Government policies have played a major role in normalising the economy. Dubai was recently awarded a “Safe Travel Certification” from the World Travel and Tourism Council, while the UAE ranks third in Covid-19 testing per one million of population.
As the UAE bounces back economically — opening malls, allowing offices to operate, and brings life back on track — it is also actively forming legislation and taking measures to support residents and tourists without halting any of its national projects or plans.
The UAE central bank has so far rolled out stimulus measures worth about 18 per cent of GDP. Of the Dh100 billion worth of monetary stimulus announced so far, majority of the funds have been earmarked towards SMEs as well as consumers. Emirates like Dubai and Abu Dhabi have announced individual fiscal packages in addition to the Dh16 billion stimulus announced by the UAE cabinet for all seven emirates. In total, the combined size of all the stimulus programmes now exceeds Dh120 billion, said industry sources.
Measures to halt expat exodus
Analysts recommended additional steps that could assist in GDP recovery:
a) Easing rules for foreign investors’ participation in local businesses;
b) easing residency rules further;
c) encouraging faster growth of the private sector.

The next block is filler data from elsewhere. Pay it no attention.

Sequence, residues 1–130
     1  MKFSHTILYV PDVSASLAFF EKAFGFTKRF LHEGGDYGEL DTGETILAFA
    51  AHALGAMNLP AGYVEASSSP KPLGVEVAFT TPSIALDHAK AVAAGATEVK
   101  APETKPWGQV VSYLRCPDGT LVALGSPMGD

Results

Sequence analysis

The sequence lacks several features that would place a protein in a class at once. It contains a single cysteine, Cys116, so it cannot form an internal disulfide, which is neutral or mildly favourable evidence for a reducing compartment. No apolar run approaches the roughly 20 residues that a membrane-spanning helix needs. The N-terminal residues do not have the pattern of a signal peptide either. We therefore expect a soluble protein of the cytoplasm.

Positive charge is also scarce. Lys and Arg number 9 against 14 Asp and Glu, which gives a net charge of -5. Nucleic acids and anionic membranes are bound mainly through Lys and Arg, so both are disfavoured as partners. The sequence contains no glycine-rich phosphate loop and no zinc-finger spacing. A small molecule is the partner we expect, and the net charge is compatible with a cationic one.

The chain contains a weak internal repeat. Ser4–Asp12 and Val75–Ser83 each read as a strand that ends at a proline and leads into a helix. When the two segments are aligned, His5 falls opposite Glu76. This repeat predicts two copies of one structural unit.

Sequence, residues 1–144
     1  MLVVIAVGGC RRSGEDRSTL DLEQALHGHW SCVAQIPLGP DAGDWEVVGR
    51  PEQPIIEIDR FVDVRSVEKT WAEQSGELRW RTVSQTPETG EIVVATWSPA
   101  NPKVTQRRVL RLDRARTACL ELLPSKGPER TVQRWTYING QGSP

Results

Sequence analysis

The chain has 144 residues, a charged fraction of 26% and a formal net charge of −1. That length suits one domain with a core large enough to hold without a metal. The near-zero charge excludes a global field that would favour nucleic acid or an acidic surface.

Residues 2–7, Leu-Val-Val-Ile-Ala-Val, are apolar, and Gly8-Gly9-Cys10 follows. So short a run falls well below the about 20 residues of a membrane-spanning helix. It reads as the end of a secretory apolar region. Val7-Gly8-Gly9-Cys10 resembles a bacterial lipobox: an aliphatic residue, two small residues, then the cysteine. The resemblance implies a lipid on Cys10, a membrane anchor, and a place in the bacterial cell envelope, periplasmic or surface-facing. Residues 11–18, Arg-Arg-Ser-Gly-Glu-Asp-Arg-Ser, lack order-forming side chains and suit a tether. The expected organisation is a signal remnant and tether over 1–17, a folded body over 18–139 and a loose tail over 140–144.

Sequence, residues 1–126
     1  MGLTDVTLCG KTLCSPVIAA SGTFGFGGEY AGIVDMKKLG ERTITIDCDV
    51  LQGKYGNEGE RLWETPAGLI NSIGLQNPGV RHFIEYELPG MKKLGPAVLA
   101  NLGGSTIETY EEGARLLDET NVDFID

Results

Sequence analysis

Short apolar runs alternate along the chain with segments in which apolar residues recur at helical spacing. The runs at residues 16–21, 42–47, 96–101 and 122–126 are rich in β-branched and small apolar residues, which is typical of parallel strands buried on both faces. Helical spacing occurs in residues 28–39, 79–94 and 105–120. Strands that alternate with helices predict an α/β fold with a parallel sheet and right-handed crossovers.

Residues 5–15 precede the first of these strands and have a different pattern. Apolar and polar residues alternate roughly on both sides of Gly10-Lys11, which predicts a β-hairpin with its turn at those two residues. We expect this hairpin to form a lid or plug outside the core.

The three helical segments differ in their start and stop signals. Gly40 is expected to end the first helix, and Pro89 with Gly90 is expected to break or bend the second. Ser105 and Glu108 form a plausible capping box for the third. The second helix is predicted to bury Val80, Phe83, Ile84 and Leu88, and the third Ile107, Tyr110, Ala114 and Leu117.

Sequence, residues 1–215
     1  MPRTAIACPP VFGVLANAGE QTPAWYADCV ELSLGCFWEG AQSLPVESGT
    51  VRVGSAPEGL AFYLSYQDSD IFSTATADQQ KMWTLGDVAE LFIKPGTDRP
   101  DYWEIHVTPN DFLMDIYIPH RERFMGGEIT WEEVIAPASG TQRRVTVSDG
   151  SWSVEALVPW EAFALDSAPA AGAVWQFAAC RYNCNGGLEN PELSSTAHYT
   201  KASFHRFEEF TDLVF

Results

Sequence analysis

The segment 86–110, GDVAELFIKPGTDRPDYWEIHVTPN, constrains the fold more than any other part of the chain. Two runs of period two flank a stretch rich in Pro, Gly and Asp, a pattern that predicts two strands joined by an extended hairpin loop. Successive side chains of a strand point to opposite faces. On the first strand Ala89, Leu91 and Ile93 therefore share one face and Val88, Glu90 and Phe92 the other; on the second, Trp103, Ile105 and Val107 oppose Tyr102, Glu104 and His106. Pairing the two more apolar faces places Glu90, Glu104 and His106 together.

In order to protect its expat resident base, UAE authorities can probably look at incentivising consumers with additional discounts on utilities bills and federal fees.
UAE household spending tracks normalcy
Economists see household spending in the UAE on track to return to normal in the coming months, with spending patterns already improving much in the past months. Consumer spending rose 63 per cent in August, compared with March, as the UAE government eased coronavirus-related restrictions to allow businesses and other economic activities to resume. Spending in restaurants was 75 per cent higher in August than in March, and consumer spending on apparel grew 78 per cent in the same period.
Consumer spending made up nearly 40 per cent of the country’s GDP in 2019. Statistics has shown historically that consumer spending in the UAE averaged Dh482.6 billion from 2001 until 2019. Also, consumer expenditure per household in the UAE was at Dh63,000 in 2019, a growth of 14.1 per cent compared to Dh55,200 in 2018, according to official data from the Federal Competitiveness and Statistics Authority.
With spending in the UAE expected to reach Dh549 billion by the end of 2020 and estimated to exceed Dh950 billion in 2021, experts view that the economy is well on track to stage a recovery by next year and the sluggishness and dragged out recovery will remain partly dependent on how residents and business owners implement their money spending and saving strategies.
Reliance on global recovery
Domestic demand in the UAE will not be able to recover fully until overseas demand starts normalising. Various sectors of the UAE economy like trade, tourism, real estate, leisure, hospitality and domestic manufacturing rely heavily on inbound and outbound flows.